But despite the group being classified as a hate group by the Southern Poverty Law Center, and despite the group’s own founder describing the Proud Boys as a “gang” that “commits violence for fun,” many members of Sports Beer & Politics defended the Proud Boys, claiming the group’s numerous acts of violence were only committed in self-defense and that the group is neither violent nor a hate group.
The organizers’ defense of the Proud Boys by only seemed to embolden opposition to the rally; counter-protesters began organizing opposition called the Push Back Campaign, which began monitoring some of the attendees of the rally.
The counter-protestors went so far as to get one man—who was apparently invited as security for the rally—fired from his job at Comcast after publicly revealing him as a member of the Proud Boys.
As more and more news came out about the rally, opposition grew. A local petition received over 1,000 signatures asking that the permit for the rally be pulled and fliers with pictures of far-right leaders who vowed to attend appeared around the city, warning citizens to be on the lookout for them.
Tensions escalated as leaked chat logs revealed that right-wing rally goers were planning to bring any weapons they legally could.
But on the day of the rally, far-right attendees were outnumbered within minutes. Police made quick work with their bicycles to push counter-demonstrators away from the sidewalk and across the street, allegedly injuring a protester in the process.
Only a couple dozen right-wing protesters came out, while the number of counter-demonstrators swelled into the hundreds.
Some at the event included antifa and other local left-wing political groups, while others were made up of ordinary people, such as priests, rabbis, and veterans who came armed with signs promoting peace and civility.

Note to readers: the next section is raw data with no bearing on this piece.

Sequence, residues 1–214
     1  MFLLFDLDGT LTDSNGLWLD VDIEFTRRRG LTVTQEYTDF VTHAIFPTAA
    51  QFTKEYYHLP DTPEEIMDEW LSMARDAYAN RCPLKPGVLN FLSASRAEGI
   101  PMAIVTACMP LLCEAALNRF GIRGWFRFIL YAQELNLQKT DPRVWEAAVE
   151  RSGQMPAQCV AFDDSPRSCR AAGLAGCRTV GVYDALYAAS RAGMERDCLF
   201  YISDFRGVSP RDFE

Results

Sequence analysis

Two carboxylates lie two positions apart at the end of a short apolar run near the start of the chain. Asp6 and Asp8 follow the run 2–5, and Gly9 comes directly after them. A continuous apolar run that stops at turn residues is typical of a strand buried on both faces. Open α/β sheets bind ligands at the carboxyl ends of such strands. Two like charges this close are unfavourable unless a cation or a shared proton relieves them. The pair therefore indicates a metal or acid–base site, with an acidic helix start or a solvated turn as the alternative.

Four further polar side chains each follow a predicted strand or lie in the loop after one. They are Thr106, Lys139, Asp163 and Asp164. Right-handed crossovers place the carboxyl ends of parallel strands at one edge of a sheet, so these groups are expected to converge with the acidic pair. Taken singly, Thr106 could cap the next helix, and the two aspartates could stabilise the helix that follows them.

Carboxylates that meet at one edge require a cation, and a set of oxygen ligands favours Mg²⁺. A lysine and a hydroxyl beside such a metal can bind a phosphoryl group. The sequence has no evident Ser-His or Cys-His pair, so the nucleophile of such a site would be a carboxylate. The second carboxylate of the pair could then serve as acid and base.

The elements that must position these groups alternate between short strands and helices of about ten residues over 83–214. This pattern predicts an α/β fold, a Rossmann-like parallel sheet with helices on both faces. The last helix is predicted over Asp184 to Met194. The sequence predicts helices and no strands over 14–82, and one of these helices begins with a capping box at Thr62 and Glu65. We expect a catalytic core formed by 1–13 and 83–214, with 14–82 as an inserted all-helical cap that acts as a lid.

None of the neo-Nazis or Skinheads who vowed to come were spotted in the tiny crowd; most attendees resembled members of the Tea Party rather than the Aryan Brotherhood.
Attendees wore MAGA and NRA hats; heated conversations between self-described libertarians and Republicans included arguments over the Patriot Act.
Speakers at the event included Tye Smith, a Black Trump supporter and the president of a police foundation that hosts events at the Church of Scientology and appears to own a company that organizes erotic parties.
Others who spoke during the rally included a man self-identified as a Delaware small business owner, who runs a conservative Facebook page, and who rallied against taxation. Just as he began to invite counter-demonstrators to send someone to cross the police barricade to debate him, the first skirmish occurred.
Police mobilized and pushed press from the scene. Many of the right-wing organizers assumed that the commotion was caused by antifa attempting to force past the police barricade, but an officer soon explained that member of the rally had snuck into the counter-demonstrator area and began attacking the counter-demonstrators.
At that point, the right-wing demonstrators were instructed to wrap up the rally an hour early.
Officers then headed to the police station, followed by press and counter-protesters, and formed a barricade around the exit to protect the right-wing demonstrators until their Ubers could arrive. After two Ubers and a cab driver refused to pick up any of the right-wing attendees upon learning who they were, right-wing attendees were first to walk home.
Despite having three chapters and dozens of members in Pennsylvania, two of the right-wing rally’s security told the Daily Dot that only two members of the Proud Boys actually showed up.
So what scared away the dozens (or perhaps hundreds) of far-right extremists who planned to march in the cradle of American independence, leaving only a few moderate conservatives to attend?
It seems that the people of Philadelphia made it clear that right-wing extremists weren’t welcome in their city.